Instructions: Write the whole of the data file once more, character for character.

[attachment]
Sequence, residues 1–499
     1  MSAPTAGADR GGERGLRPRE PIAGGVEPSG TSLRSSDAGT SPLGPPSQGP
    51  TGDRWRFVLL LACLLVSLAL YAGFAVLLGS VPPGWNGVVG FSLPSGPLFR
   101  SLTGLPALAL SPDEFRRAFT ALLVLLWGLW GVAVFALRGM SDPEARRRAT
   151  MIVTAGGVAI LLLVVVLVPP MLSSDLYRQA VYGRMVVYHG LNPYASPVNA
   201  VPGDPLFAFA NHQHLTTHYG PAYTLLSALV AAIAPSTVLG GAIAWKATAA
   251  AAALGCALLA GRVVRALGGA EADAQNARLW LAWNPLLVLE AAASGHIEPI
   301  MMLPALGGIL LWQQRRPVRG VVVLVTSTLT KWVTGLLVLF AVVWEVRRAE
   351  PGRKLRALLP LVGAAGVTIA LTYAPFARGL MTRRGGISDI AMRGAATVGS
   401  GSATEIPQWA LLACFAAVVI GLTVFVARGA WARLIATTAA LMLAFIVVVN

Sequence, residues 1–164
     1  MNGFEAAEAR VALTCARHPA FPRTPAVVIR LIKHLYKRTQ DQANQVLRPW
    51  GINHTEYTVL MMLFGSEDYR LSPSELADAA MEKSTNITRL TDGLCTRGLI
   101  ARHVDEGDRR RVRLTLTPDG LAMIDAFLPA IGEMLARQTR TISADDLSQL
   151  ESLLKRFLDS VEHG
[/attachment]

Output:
Sequence, residues 1–499
     1  MSAPTAGADR GGERGLRPRE PIAGGVEPSG TSLRSSDAGT SPLGPPSQGP
    51  TGDRWRFVLL LACLLVSLAL YAGFAVLLGS VPPGWNGVVG FSLPSGPLFR
   101  SLTGLPALAL SPDEFRRAFT ALLVLLWGLW GVAVFALRGM SDPEARRRAT
   151  MIVTAGGVAI LLLVVVLVPP MLSSDLYRQA VYGRMVVYHG LNPYASPVNA
   201  VPGDPLFAFA NHQHLTTHYG PAYTLLSALV AAIAPSTVLG GAIAWKATAA
   251  AAALGCALLA GRVVRALGGA EADAQNARLW LAWNPLLVLE AAASGHIEPI
   301  MMLPALGGIL LWQQRRPVRG VVVLVTSTLT KWVTGLLVLF AVVWEVRRAE
   351  PGRKLRALLP LVGAAGVTIA LTYAPFARGL MTRRGGISDI AMRGAATVGS
   401  GSATEIPQWA LLACFAAVVI GLTVFVARGA WARLIATTAA LMLAFIVVVN

Sequence, residues 1–164
     1  MNGFEAAEAR VALTCARHPA FPRTPAVVIR LIKHLYKRTQ DQANQVLRPW
    51  GINHTEYTVL MMLFGSEDYR LSPSELADAA MEKSTNITRL TDGLCTRGLI
   101  ARHVDEGDRR RVRLTLTPDG LAMIDAFLPA IGEMLARQTR TISADDLSQL
   151  ESLLKRFLDS VEHG